In the College of Agriculture and Life Sciences .
Graduation Requirements for the Bachelor of Science
- Minimum total credits: 120 academic credits are required for graduation.
- Repeated courses increase the number of credits required for graduation by the number of credits in the course. These credits do count toward the minimum 12 credits required for full-time status.
- Review or supplemental courses (e.g., 1000- to 1099-level) increase the number of credits required for graduation by the number of credits in the course. These credits do not count toward the minimum 12 credits required for full-time status.
- Physical Education courses do not count toward 120 credits for graduation. They do not count toward the minimum 12 credits required for full-time status.
- Minimum Credits at Cornell: 60 academic credits must be completed at Cornell (includes CALS Exchange, Education Abroad, Cornell in Rome, Capital Semester and Cornell in Washington).
- Maximum Non-Cornell Credits: 60 non-Cornell credits (AP, CASE, IB, GCE, French Baccalauréat, Cambridge Pre-University, and transfer coursework) can be applied toward degree requirements. A first-year student can transfer in 15 academic credits before the first semester in CALS (AP, CASE, IB, GCE, French Baccalauréat, and transfer credits).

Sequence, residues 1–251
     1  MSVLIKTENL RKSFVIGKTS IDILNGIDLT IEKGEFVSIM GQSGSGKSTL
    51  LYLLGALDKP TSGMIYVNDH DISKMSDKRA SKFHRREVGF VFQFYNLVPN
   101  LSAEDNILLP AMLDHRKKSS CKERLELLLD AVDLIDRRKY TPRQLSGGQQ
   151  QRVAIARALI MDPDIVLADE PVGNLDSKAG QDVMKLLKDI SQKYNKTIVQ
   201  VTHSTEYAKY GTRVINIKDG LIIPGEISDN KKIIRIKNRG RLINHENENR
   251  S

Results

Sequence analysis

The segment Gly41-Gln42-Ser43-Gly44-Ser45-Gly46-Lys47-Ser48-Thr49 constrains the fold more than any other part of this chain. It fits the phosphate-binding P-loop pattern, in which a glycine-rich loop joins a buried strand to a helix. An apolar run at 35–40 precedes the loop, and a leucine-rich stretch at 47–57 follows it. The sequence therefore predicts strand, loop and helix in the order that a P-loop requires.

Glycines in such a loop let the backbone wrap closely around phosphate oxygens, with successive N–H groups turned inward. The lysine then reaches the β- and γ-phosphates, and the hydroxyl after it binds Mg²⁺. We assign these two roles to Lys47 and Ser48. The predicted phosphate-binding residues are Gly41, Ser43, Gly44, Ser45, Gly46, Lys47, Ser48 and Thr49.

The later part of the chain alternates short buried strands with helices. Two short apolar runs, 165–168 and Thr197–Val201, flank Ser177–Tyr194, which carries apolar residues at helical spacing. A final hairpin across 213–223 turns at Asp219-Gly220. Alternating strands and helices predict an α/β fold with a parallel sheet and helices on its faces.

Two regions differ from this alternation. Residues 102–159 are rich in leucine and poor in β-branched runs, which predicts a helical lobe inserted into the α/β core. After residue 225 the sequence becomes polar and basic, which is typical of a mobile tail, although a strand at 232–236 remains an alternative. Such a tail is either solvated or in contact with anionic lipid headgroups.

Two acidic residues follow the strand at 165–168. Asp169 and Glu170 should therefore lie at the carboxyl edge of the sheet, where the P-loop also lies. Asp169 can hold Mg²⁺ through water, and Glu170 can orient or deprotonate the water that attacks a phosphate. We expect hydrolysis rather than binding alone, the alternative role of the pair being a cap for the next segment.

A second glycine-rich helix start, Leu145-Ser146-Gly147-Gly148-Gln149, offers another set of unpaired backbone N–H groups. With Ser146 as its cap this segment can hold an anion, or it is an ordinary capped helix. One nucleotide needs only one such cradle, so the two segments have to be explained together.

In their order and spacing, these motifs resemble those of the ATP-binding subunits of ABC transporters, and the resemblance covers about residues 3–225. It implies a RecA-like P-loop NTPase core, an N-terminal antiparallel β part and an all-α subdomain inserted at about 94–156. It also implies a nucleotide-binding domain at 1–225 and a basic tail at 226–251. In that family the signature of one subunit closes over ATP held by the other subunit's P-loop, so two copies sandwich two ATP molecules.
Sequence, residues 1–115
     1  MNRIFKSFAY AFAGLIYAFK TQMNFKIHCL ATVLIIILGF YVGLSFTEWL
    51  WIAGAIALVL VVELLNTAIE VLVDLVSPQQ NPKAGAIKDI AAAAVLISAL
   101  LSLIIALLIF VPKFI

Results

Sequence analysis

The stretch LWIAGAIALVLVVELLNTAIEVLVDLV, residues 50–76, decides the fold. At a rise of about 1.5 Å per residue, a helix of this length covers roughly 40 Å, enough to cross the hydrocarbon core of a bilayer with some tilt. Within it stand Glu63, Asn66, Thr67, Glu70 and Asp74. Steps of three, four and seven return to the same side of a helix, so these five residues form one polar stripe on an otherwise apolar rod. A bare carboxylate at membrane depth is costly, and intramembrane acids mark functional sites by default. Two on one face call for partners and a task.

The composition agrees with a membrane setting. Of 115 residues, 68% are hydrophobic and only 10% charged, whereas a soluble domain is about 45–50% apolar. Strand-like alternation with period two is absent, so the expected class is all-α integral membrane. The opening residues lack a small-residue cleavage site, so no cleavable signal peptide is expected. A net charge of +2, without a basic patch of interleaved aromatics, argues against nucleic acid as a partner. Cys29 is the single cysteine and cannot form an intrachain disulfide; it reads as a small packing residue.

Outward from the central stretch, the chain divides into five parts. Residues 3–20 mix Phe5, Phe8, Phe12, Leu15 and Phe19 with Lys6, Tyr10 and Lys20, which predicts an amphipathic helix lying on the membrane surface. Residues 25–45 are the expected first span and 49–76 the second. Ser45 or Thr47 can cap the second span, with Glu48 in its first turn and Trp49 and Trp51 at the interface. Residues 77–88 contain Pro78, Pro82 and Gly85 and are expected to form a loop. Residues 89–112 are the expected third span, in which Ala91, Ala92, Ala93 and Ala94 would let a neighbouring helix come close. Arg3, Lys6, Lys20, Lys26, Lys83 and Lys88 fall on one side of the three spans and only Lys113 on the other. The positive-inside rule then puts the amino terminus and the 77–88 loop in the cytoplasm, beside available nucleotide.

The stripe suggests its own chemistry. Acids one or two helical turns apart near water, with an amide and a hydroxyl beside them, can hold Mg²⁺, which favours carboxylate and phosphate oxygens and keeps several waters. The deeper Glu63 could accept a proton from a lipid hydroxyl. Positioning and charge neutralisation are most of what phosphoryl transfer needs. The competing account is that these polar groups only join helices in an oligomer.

- Minimum Credits from College of Agriculture and Life Sciences: 55 CALS credits are required for graduation; CALS credits include all courses from departments within CALS and courses offered in Applied Economics and Management, Biological Sciences, Biology & Society, Earth and Atmospheric Sciences, Information Science, Nutritional Science, and The Department of Statistics and Data Science.
- Minimum Letter-Graded Credits: 100 (Proration Chart for Non-Cornell credit).
- Maximum Credits earned through Special Studies (Independent Study, Research, Teaching Assistantships, and/or Internships): 15 credits of “unstructured” coursework can be applied toward graduation requirements (Proration Chart for Non-Cornell credit).
Physical Education Requirement:
Exception: Students who externally transfer to Cornell’s College of Agriculture and Life Sciences from another accredited college or university are exempt from the physical education requirement and swim test.
- Physical Education Requirement: Successful completion of two 1-credit non-academic PE Cornell courses with a satisfactory grade (SX). Students are expected to complete the Physical Education Requirement in their first two semesters at Cornell.
*Note: Physical education credit does not count toward the 120 credits needed to graduate or toward the 12-credit minimum required for full-time status.
Swimming Requirement: Successful competition of the swim test. Swim tests are typically taken as part of the orientation process.